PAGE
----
We continue to be told that brick and mortar stores are going the way of the dinosaur, that they will all be gone before long and that Amazon will be the one-stop shop for all purchases that we make. And to look at the number of retail store closings for 2017, there is certainly strong evidence to support that conclusion.

Source: "There's one major thing everyone gets wrong about Amazon and the retail apocalypse," Hayley Peterson, Business Insider, July 22, 2017.

And while it is true that certain retail store formats are struggling, the truth is others are thriving. One example is Ace Hardware. Ace Hardware just came in first place for customer satisfaction and loyalty in Market Force Information’s annual Home Improvement Study. They placed well in the study largely because of their focus on in-store selling. As they say, “Ace is the place with the helpful hardware folks.” It is true that sales floor associates at Ace Hardware are just better at greeting customers, engaging them as to why they came in, assessing that need, making the appropriate recommendation and then asking for the sale. Simple, right?

Well, unfortunately a good number of retail brands don’t execute on this simple set of behaviors as effectively as they could. Some companies feel like asking customers for the sale feels like pestering and they worry about coming across as high pressure so they counsel their retail teams to avoid it. And even those brands that do share a sales process with their store personnel have difficulty sometimes ensuring that the process is followed consistently. As a result, retailers are leaving sales on the floor. Sales that could drive revenue. Sales that could help turn comps positive for a change.

Another large retail brand that works with Market Force absolutely gets it. In our research of their customer experience survey data, we found that those customers who received a product recommendation during their visit were more satisfied with their experience and showed a higher likelihood to recommend the brand after the visit. So we learned that upselling in this retail store drives customer experience and loyalty to the brand. This is counterintuitive to some people, but true nonetheless. This same brand was able to capitalize on this insight by measuring and improving in-store behaviors. After implementing a store-based training initiative, they were able to increase the percentage of times store staff engaged customers on the sales floor by 6% (from 71% to 77%) over the course of one quarter. During those 77% of customer visits where the customers were engaged, they reported 96% of the time a specific recommendation was made. And of those recommendations, the customer reported making that purchase 50% of the time, which translated to $32M in sales for the quarter.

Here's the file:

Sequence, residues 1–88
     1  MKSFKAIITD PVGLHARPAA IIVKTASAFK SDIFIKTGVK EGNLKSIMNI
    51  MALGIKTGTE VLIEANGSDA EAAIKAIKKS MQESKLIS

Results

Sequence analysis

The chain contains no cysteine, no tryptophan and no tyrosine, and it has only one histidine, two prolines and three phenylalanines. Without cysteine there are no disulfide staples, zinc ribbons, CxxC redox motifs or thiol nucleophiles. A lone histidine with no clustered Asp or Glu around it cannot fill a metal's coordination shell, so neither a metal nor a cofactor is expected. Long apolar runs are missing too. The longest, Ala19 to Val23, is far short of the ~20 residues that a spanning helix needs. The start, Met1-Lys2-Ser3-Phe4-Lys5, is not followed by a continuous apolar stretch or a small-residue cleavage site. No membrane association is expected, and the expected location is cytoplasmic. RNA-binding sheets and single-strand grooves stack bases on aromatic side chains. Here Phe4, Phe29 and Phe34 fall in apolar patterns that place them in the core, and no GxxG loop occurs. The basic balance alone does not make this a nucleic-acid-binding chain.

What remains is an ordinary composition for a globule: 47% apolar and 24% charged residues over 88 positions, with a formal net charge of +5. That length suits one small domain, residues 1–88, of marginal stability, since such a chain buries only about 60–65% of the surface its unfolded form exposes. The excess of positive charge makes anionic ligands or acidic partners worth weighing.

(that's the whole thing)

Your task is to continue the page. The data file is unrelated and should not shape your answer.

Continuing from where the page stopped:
Most retailers absolutely have the opportunity to capitalize on this aspect of in-store selling, including home improvement, home furnishings, wireless retail, fashion apparel and many others.  Collaborating with brands in these segments and recognizing the importance of upsell to customer perception and financial success, Market Force has developed the Suggestive Sell Index - a way of reporting on in-store effectiveness and the corresponding lift to retail sales that it produces. A white paper on the topic can be downloaded here. Brands can optimize their Suggestive Sell Index by following three simple steps:

  • Assess customer’s needs  Each team member that interacts with customers need to ask thoughtful questions about the customer and what they are seeking. Even a simple greeting followed by “what brought you in today?” can uncover critical insight into how best to serve that customer.
  • Make a recommendation  If the team member has been able to strike an authentic, not forced or robotic, conversation with the customer, they should have a general understanding of their need and be in a position to make a recommendation that most closely aligns with their need and helps them make a decision.
  • Ask for the sale  It is important that once the team member has made the recommendation that they follow through. ABC – always be closing. Simply asking, “Can I ring this up for you?” or “Can I put this in your cart for you?” helps move the conversation from an interaction to a transaction.

Brands that can effectively train their staff on these behaviors and then put measurement processes in place to ensure that they are being followed show higher customer satisfaction scores, better brand loyalty and increased financial performance. If you have retail stores or you are thinking about opening them, you would be wise to invest in the team members that you staff them with and ensure that they are following a best practices sales process. It is a truly strategic way to protect your brand, delight customers and drive powerful financial results. I can think of no better focus to have. 

  Download White Paper

Brad Christian is a Managing Director at Market Force and has been with the company for 11 years consulting retail brands on how best to implement customer experience programs that provide insight into strategic investment decision-making that helps them protect their brands, delight their customers and make more money.